“France, the UK and Germany continue to attract the bulk of FDI and retain the top three spots, accounting for around half of total projects,” the report stated. “But in 2022 their performance was muted: FDI projects edged up 3% (1,259 projects) in France but were down 6% in the UK (929) and 1% in Germany (832).”

“There is scope for optimism, as 67% of the businesses surveyed indicate plans to establish or expand operations in Europe over the next year,” the EY report stated. Among other findings:

Romania is among the top 15 countries in Europe in terms of the number of FDI projects, with 69 projects in 2022, a significant increase of 86% compared to 2021, and pronounced investment in the semiconductor manufacturing sector. “Romania demonstrates that it has become a mature economy with substantial future growth potential, ranking fourth in Europe in terms of new job creation with 239 jobs created per new project in 2022, after Serbia, Spain and Hungary,” said EY. “One of the most striking features of the 2022 vs. 2021 data is the growth of FDI projects in several southern, central and eastern European states, including Italy (+17%), Poland (+23%), Portugal (+24%), Romania (+86%) and Turkey (+22%).”

Ireland, where FDI investments were up by 21%, “bucked the trend by recording a substantial increase, partly reflecting its agile, pro-business agenda and appeal to large U.S. corporates.”

The biggest sector for FDI projects in 2022 was software and IT services, up 8% and accounting for 20% of total projects. It was followed by business services and professional services, up 27%. However, only 33% of respondents plan to increase their investment in manufacturing. “Encouragingly,” the report said, “64% of executive respondents expect to increase their European footprint in R&D over the next three years.” (Watch for more analysis of further EY findings in an upcoming installment of the Site Selection Snapshot.)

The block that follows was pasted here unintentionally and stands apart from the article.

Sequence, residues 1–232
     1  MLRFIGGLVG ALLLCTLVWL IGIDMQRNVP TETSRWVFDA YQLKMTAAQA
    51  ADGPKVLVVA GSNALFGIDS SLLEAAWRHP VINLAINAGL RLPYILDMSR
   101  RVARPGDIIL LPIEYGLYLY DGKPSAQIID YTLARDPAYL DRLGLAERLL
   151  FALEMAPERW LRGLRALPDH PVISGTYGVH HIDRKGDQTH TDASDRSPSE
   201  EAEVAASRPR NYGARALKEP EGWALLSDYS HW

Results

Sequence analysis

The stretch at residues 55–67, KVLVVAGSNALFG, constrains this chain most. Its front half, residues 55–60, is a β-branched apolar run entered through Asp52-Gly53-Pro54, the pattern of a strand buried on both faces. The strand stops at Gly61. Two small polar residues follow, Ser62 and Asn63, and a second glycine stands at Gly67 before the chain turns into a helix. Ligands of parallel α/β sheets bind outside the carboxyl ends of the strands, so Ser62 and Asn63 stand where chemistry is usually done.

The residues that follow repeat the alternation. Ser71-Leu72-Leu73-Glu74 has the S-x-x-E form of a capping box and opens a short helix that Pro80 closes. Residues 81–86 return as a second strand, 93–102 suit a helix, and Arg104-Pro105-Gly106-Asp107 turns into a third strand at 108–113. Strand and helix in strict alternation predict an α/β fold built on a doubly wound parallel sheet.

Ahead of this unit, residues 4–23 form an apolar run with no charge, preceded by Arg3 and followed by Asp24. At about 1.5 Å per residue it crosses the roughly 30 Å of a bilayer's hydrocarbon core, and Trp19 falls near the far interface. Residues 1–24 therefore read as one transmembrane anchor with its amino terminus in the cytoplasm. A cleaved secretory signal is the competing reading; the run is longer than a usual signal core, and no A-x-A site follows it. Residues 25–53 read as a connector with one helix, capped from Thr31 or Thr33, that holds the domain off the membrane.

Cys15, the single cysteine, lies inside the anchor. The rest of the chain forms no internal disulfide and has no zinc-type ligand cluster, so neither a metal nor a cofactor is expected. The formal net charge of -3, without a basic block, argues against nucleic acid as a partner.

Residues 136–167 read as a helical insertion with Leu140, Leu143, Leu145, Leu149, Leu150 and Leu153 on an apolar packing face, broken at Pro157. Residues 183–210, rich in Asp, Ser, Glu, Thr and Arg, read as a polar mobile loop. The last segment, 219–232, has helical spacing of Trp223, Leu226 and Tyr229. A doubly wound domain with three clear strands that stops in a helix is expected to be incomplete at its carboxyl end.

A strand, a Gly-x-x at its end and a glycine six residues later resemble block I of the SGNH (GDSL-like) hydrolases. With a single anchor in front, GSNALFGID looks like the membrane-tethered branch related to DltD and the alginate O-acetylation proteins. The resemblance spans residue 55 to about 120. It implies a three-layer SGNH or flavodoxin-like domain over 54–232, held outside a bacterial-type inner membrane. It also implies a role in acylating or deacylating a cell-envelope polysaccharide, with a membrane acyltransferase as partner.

The Rest of the World

For global FDI perspective, UNCTAD’s World Investment Report 2023 published July 5 finds that global FDI declined by 12% in 2022, to $1.3 trillion, after a strong rebound in 2021 following the steep drop induced by COVID-19 in 2020. That means the above-cited U.S. inward FDI figure of $177.5 billion accounted for roughly 13.7% of all global FDI last year. (The U.S. population of 335 million, meanwhile, accounts for just over 4% of the world’s total of 7.98 billion.)

Among the report’s findings:

Developing countries accounted for two-thirds of global FDI in 2022, with Latin America and the Caribbean experiencing a significant increase as flows increased by 51%, reaching $208 billion, the highest level ever recorded.

“In South America, flows to Brazil rose by 70% to $86 billion — the second-highest level ever recorded — due to a doubling of reinvested earnings,” the report said. “The number of international project finance deals rose by 29% to 138, ranking the country fifth worldwide. FDI more than doubled to $15 billion in Argentina, doubled in Peru to $12 billion and rose by 82% in Colombia, to $17 billion. Flows to Mexico, the second-largest recipient in Latin America, increased by 12% to $35 billion, with a rise in new equity investment and reinvested earnings. The value of net cross-border mergers and acquisitions (M&As) jumped to $8.2 billion (from less than $1 billion in 2021).

While FDI flows to Africa declined to $45 billion in 2022 from the record $80 billion set in 2021, the number of greenfield project announcements rose by 39% to 766. “Six of the top 15 greenfield investment megaprojects (those worth more than $10 billion) announced in 2022 were in Africa,” UNCTAD said. While many regions of the continent declined, North Africa was on the upswing as Egypt “saw FDI more than double to $11 billion as a result of increased cross-border merger and acquisition (M&A) sales,” UNCTAD said. “Announced greenfield projects more than doubled in number, to 161. International project finance deals rose in value by two-thirds, to $24 billion.”

— Adam Bruns